Your first year
Following the publication of your A level results in mid-August your place will be confirmed through UCAS. You must confirm whether or not you are taking up the offer by the end of August and then you will receive an information pack from the Chemistry department and guidance for the on-line pre-university study.
On-line enrolment commences in mid-September and you should also work through the pre-university guided study which is available through Durham University Online (DUO). You may also like to purchase the recommended books for your course.
You will arrive in Durham early October for the Induction week and go straight to your college to pick up your registration pack. There will be a variety of induction events to attend during the week ranging from talks in Chemistry and your chosen elective Departments, Freshers' Fair where you can sign up to a range of extracurricular activities, mixer events organised through your college and registration for your chosen modules. You will attend a matriculation ceremony at Durham Cathedral which marks your formal entry and welcomes new students to Durham University.
<h2 >Michaelmas term (10 weeks, October-December)
In most weeks during Michaelmas term you will have 7 hours of lectures, 2 tutorials and 6 hours of laboratory work in Chemistry. Your elective subjects will add between 2 and 6 hours of further contact. You will therefore typically have around 20 timetabled contact hours per week. We ask you to meet your academic advisor at least once a term. You will typically spend an hour or two per lecture on private study, reading textbooks and using on-line resources, to help you consolidate the lecture material. We also expect you to spend time preparing work for tutorials, workshops and preparing for labs by doing pre-lab work.
Throughout the term you will be set coursework, some of which will form part of your continual summative assessment and count towards your end of year mark. Other work will be formative, providing you with feedback of how your studies are progressing.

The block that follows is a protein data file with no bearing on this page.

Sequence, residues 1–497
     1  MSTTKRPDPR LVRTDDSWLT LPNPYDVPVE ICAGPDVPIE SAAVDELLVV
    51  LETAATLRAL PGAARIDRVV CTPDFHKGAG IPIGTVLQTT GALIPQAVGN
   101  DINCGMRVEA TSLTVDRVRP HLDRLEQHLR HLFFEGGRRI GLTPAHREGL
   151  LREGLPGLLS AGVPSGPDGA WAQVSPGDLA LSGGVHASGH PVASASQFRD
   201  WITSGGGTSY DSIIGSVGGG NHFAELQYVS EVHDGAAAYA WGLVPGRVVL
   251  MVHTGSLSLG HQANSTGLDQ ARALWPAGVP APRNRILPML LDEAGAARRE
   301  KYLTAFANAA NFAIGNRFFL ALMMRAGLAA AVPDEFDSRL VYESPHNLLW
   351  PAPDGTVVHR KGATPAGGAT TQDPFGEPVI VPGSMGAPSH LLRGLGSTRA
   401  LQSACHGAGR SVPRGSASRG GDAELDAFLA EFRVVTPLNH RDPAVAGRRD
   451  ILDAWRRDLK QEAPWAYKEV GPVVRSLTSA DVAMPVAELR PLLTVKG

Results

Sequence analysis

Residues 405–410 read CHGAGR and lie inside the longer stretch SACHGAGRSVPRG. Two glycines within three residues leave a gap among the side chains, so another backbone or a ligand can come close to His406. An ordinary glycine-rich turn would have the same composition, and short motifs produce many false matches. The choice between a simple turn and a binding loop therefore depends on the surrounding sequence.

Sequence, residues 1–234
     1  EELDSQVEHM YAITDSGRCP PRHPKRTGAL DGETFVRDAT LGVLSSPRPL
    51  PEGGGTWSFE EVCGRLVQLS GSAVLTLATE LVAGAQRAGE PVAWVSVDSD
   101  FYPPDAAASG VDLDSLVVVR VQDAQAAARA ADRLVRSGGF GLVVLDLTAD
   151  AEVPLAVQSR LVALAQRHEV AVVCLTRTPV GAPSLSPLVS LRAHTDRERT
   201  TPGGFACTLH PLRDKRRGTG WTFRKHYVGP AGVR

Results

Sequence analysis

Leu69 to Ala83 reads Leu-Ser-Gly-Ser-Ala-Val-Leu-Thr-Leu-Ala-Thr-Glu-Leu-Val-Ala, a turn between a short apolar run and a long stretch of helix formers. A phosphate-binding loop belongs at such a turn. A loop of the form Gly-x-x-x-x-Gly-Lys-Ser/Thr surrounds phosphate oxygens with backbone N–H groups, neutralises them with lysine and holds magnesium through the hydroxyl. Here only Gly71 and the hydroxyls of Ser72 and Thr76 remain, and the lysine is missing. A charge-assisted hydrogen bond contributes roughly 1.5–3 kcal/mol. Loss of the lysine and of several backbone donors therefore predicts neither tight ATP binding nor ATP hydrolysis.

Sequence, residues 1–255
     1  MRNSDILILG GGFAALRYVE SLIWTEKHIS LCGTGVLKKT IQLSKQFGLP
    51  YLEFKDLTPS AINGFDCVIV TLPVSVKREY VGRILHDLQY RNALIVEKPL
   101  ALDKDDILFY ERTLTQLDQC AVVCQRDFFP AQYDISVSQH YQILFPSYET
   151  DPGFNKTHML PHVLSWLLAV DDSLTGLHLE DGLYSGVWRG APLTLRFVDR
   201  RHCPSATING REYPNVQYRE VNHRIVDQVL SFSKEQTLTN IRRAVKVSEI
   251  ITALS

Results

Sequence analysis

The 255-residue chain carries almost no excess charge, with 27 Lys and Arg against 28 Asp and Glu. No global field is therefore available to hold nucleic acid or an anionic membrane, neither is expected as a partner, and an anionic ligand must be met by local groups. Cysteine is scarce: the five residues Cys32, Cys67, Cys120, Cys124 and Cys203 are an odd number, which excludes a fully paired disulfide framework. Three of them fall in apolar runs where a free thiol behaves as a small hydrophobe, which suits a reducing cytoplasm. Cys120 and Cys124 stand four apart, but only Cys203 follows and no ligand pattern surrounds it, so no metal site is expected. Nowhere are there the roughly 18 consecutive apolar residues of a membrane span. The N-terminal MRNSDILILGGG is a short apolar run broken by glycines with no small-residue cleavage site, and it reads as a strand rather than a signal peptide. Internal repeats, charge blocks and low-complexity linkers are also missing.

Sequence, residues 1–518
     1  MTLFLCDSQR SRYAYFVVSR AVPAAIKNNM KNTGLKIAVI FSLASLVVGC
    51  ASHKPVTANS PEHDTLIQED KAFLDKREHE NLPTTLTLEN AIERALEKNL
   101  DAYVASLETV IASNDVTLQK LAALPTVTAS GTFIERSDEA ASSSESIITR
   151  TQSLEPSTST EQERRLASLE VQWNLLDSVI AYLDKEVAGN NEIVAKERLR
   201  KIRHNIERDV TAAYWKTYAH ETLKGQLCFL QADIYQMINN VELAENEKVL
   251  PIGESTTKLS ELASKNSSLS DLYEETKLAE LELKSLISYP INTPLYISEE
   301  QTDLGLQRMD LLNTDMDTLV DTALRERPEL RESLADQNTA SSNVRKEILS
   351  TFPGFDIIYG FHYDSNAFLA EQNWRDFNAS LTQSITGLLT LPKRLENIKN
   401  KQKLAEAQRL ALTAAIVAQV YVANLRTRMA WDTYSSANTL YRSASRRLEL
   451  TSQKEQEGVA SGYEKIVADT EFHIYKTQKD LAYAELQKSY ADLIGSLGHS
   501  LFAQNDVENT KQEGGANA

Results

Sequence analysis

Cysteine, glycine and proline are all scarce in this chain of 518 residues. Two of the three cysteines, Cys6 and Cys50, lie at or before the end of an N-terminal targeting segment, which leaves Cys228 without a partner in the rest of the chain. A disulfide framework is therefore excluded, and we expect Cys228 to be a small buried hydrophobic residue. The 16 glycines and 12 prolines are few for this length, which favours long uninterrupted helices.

<h2 >Epiphany term (9 weeks, January-March)
In the first week of term you will take a Progress test for each theorectical module in Chemistry, which will examine the previous term's lectures. The test will give you an idea of what to expect in a University examination and the style is as close as possible to the end-of-session examination paper in May/June. The rest of the term will take a similar format to the Michaelmas term.
<h2 >Easter term (9 weeks April-June)
The first three weeks of Easter term are devoted to revision workshops and examination preparation. The examination period commences in the fourth week of term, lasting for three weeks. Examination results are released mid-June and you will be timetabled to meet your advisor to review your academic performance. You register for progression to the second year of your degree course towards the end of June.
There is an opportunity to re-sit examinations in August, about 90% of chemistry students pass their examinations at the first attempt in May.
In most weeks you will have 7 lectures, 2 tutorials and 6 hours of laboratory work for 80 credits of chemistry.
You take 40 credits of elective modules.
Lecture sizes range from 30 to 220 students.
Workshop groups typically contain 20 to 30 students.
Tutorials are small group work sessions (5 or 6 students).
First year laboratory sessions are 2 x 3 hours per week.
Progress tests in January give you an idea of what to expect in a University exam.